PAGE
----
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Since the time of the Mayans and maybe even before that, we humans have called nature our mother - a reference that symbolises our deep connection to nature and our multiple dependencies on it. Sadly, despite such long-held understandings, human pressure on the planet is seriously reducing nature’s capacity to act as our nurturer. If this trend is to be reversed, it is essential we find new ways and nurture old ways to relate to nature – where we act as its nurturers and stewards and not just as its consumers.
New research from the centre published in the Journal of Global Sustainability is an attempt to understand the relationship between environmental stewardship and the benefits humans derive from nature.
The research was led by Vanessa Masterson and Maria Tengö who convened a workshop and collaborated with Tim Daw, Grace Wong, Viveca Mellegård and Odirilwe Selomane (also from the centre) and with external colleagues based in universities in South Africa, the UK and the USA (including SRC PhD graduate Maike Hamann).
Their article offers a conceptual model (see figure below) to unpack how the different kinds of benefits humans receive from ecosystems impact the attitudes and values humans hold towards them.
Although many studies have explored the connections between human well-being and ecosystem services, the authors find a scarcity of literature that holistically explores how feedbacks between ecosystem services and well-being affect environmental sustainability and livelihoods, especially for the global South. The authors here classify nature’s services into three categories: direct use (e.g. firewood), money (e.g. selling timber) and experiences (e.g. the aesthetic benefits of taking a walk in the forest). This classification builds on the recent work of co-author Tomas Chaigneau and colleagues.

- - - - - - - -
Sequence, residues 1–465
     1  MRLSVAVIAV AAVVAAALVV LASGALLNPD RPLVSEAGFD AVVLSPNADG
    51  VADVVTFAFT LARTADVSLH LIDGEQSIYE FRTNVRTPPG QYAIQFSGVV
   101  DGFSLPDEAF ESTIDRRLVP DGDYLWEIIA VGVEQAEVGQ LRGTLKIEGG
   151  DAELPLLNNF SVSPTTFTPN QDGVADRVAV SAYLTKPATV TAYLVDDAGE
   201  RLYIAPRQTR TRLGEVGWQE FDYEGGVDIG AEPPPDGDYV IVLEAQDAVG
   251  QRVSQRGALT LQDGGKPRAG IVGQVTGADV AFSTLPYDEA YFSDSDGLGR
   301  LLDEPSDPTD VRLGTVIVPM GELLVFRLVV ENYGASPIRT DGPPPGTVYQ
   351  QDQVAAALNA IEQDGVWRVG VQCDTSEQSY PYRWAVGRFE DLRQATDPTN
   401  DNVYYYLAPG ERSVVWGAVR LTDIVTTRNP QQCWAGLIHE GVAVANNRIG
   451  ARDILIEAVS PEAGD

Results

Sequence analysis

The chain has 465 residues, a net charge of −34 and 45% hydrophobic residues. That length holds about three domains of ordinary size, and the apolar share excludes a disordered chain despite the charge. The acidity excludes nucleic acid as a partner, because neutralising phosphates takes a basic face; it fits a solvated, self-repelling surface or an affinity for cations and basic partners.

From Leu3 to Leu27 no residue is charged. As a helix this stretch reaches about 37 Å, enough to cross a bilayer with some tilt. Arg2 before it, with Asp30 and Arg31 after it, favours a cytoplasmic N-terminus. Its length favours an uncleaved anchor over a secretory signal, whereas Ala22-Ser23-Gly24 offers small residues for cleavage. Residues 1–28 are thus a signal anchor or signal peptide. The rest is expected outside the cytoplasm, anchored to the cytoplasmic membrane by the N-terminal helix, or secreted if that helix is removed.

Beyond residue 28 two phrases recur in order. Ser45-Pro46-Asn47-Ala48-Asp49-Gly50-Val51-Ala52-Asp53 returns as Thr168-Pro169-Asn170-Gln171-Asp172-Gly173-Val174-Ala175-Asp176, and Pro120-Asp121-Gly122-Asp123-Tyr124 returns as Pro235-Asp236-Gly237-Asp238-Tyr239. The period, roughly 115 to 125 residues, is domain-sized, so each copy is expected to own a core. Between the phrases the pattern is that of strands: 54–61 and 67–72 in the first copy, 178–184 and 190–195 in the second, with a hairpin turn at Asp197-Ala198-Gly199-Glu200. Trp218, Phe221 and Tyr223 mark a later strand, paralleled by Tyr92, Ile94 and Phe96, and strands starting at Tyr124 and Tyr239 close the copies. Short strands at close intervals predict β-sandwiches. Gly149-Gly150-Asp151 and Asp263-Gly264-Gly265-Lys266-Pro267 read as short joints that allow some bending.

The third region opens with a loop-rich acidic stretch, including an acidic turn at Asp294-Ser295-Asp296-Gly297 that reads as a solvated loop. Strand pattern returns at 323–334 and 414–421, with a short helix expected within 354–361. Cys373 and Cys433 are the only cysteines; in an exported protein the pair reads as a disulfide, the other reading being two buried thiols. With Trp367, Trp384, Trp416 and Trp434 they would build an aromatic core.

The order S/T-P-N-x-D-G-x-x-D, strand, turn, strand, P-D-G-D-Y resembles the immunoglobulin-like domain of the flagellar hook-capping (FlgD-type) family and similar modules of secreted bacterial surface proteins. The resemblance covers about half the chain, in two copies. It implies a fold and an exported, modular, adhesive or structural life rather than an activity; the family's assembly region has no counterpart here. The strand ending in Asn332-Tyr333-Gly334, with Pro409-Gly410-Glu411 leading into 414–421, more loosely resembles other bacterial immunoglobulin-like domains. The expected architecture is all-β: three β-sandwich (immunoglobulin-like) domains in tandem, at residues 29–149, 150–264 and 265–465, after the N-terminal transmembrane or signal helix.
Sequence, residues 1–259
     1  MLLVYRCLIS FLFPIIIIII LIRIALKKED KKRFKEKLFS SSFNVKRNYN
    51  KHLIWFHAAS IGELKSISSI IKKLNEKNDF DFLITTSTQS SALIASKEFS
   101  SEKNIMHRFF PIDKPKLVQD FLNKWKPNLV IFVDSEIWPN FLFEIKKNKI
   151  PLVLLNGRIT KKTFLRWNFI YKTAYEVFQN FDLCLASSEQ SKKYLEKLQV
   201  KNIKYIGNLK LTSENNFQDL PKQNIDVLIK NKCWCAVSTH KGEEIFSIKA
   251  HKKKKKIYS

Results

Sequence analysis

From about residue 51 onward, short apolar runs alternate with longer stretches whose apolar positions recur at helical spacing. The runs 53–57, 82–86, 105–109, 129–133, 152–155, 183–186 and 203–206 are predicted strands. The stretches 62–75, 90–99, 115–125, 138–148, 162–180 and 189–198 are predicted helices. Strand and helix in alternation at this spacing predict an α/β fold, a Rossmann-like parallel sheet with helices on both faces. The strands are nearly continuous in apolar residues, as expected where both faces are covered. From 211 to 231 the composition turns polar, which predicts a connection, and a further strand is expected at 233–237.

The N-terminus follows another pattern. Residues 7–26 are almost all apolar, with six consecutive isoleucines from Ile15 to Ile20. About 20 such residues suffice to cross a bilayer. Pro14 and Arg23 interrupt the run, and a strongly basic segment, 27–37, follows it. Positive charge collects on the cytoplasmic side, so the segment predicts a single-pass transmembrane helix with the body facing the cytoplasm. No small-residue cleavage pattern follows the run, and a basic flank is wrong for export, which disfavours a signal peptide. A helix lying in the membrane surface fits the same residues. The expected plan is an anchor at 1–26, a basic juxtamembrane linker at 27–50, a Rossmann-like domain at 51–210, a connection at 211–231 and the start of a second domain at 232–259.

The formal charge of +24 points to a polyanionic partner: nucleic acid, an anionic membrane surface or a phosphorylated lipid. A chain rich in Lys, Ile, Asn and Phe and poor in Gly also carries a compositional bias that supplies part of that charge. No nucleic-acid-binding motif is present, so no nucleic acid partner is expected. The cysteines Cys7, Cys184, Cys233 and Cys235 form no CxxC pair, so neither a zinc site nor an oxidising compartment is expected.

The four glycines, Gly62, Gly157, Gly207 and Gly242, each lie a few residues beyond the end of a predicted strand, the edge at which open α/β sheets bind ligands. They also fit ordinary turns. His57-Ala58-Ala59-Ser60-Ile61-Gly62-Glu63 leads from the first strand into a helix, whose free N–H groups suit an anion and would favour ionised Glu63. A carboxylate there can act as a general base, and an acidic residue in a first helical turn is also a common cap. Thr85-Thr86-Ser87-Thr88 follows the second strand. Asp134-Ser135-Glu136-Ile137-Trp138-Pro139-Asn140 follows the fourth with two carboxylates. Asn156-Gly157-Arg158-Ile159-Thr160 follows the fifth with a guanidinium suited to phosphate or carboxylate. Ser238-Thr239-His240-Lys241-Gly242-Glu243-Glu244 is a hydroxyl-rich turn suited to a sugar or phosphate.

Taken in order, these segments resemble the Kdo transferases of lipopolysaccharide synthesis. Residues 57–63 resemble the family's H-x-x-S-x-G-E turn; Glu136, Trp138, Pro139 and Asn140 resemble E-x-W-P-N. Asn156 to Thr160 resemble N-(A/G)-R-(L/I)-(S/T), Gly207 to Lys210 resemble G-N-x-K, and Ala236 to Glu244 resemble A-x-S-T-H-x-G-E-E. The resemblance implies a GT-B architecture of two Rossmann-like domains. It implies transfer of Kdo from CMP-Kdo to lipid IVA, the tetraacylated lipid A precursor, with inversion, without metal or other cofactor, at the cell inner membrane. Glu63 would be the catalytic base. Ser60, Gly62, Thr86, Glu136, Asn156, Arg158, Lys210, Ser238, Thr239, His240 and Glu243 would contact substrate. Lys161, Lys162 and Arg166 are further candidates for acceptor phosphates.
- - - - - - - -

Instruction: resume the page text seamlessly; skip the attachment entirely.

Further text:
Understanding the complex relationships between well-being and nature can guide better interventions for sustainably improving well-being and alleviating poverty
Vanessa Masterson, lead author
Benefit-distribution amongst users is a contentious issue. It underpins social and political power relations and thus “pro-environmental behaviour” towards ecosystems is directly influenced by how equitably people think benefits are distributed. Additionally, while people’s perceptions are important, their actions are not always in line with those perceptions. As Wong says “actions affecting ecosystems respond not just to the individual perceptions of ecological dynamics and the benefit basket, but also to the institutional context shaped by particular types of knowledge, ways of doing and habits and norms that have been moulded historically by power relations.”
In an attempt to better understand these linkages, the authors broaden the discussion by incorporating insights well developed in political ecology, geography and anthropology about how the actions of resource users are a function of institutional constraints, political capacity and cultural and economic values. To explore the usefulness of the conceptual framework, the authors apply it to two real-life case studies: southern Africa’s communal rangelands and Indonesia’s Kalimantan forests.